From here, the EP takes a left-turn into the industrial with 'Red (In Bed)', which is a pummelling mantra of anger and hatred; followed by 'I Feel Happy', the EP’s most ambitious work and centrepiece. Originally conceived as a twenty-minute soundtrack piece, Carroll found that speeding up the track made it feel like the manic 'up' phases that are a feature of her mental health problems. “What I wanted to do was explain how I feel through this EP” she explains, “and 'I Feel Happy' is my favourite track on the EP.”

“When I’m happy, it’s so uncomfortable that I can’t really feel genuinely happy, meaning sadness is as good as happiness. It can actually be nicer being sad than happy, for me. If I’m in a room with loads of people, and I’m really hyper, I feel like everyone around me is going crazy but I don't actually know how they're acting. [I hear] lots of voices, a noise of voices around my head [as if there are] loads of people talking. That might sound crazy, but I get what it is: it’s part of my symptoms.”

It’s churlish not to accept that conversations around mental health in the music industry have improved in the last half-decade – they clearly have – but we are still far away from an adequate understanding (let alone structural attempt to counter) the practical challenges that are caused by longterm mental health problems, especially when they intersect sharply with class, race or gender. For musicians, things like plentiful free alcohol backstage, generic advice like 'check in on your friends', and 'one-size fits all' NHS therapies aren't really the answer. Carroll agrees: “I’ve been through all the therapies, CBT was good, but there’s no magic button. I’m going to have this for the whole of my life. Yes, I can learn things to help me calm down, but it will always be like this. I have to live with it.”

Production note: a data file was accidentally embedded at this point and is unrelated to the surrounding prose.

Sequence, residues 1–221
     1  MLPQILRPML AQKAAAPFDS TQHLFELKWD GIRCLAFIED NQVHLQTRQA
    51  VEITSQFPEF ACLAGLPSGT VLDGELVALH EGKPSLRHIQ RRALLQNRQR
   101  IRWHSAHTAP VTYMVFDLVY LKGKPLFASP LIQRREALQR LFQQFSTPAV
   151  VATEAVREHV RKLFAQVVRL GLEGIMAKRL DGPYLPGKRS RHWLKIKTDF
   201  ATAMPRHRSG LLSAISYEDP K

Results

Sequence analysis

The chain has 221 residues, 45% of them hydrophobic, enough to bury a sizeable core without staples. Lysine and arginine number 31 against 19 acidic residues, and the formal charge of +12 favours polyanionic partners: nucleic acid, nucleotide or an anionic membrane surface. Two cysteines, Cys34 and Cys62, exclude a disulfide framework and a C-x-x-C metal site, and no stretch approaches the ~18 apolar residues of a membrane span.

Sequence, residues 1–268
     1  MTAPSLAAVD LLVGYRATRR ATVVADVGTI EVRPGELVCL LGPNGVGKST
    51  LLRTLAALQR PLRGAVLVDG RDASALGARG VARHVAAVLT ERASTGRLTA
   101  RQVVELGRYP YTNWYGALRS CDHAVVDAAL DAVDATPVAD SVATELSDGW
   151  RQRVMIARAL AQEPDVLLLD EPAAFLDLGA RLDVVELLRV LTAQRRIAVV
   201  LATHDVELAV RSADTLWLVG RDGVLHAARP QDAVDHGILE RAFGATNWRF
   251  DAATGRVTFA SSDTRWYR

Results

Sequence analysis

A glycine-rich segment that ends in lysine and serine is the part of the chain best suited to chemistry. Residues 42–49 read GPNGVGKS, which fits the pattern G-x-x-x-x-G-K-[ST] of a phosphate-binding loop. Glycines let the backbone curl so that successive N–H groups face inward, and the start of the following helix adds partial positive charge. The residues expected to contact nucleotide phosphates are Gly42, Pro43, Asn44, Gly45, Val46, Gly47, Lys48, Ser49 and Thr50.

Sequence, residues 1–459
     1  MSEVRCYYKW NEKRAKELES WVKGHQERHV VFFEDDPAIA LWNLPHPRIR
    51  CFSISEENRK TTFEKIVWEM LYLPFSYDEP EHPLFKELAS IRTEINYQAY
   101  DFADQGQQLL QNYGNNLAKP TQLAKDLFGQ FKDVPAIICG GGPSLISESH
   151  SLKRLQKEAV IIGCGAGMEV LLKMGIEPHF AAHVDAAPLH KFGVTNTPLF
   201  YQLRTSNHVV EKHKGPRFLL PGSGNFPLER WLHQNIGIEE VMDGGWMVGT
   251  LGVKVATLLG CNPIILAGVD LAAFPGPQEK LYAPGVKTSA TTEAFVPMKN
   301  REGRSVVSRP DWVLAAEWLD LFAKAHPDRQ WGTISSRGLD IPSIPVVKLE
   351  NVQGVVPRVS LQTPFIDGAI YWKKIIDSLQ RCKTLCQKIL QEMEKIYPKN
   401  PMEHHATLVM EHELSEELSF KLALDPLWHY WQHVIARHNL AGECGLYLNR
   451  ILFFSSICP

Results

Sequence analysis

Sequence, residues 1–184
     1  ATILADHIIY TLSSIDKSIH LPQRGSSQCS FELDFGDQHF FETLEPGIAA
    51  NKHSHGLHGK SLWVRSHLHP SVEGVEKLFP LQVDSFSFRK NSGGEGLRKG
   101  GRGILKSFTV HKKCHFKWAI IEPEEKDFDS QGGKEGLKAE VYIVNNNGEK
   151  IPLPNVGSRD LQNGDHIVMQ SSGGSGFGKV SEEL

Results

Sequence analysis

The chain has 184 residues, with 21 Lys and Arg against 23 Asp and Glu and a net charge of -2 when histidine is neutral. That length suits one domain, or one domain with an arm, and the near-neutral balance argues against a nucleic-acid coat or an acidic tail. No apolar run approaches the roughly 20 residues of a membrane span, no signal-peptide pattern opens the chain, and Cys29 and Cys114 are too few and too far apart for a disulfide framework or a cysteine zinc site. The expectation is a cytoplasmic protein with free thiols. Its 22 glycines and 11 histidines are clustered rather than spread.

[Whilst writing this article, I saw a young man suffering what appeared to be a psychotic episode in a Manchester supermarket. Very little about the current discourse around mental health had any relationship to what happened. It had no relation to the man himself primarily, but it also didn't relate to the staff attempting to negotiate a difficult situation, it didn't relate to the police taking so long to arrive, and it didn't relate to the fact that it was the police who were the service to arrive in the first place, as opposed to trained mental health professionals. Between April 2019 and April 2021, there was a 29% increase in referrals for first suspected episode of psychosis. Anxiety and depression around the world are booming, and its women and young people who are being disproportionately affected.]

For Carroll, the future likely means more self-releasing and attempting to get back to live performing, the pandemic having paused her live output. When we speak, she is preparing for a support slot in London as her first live show since late 2019. “I’m trying my best and I’m currently doing better than I have been for years” she says. “The best therapy I’ve found, though, is doing music. Doing this. Every part of it, including doing the art and putting the record out. It gives me a sense of achievement because I want what I do to be proper and real.

"I’m not signed, but I don’t see why I shouldn't work long shifts in a cafe, make money, so I can do it myself. 'Unsigned' can be a bit of a dirty word, like you’re not as good as those who are signed. Why should I have a record deal? That’s what I’m trying to do. I want my release to give the unsigned a good name! [laughs] Some of the best artists are unsigned. I’ve been asked by a few labels, it’s not that I couldn’t sign a deal, but I’m not going to unless it’s a label that I really think would suit me. I’d rather just be doing it myself. Being on a label before didn’t help me.”

Like a lot of artists – particularly during the pandemic – Carroll’s funding is made up of a hotchpotch of casual work shifts and occasional wedges of arts funding. “Once a week, I try to make room to spend about two hours applying for funding. I just sit there, look and apply. I hardly ever get anything, but occasionally I will... occasionally it’s £200 from here, £100 there, so I keep applying.” She smiles, laughing now, “And that’s your label!”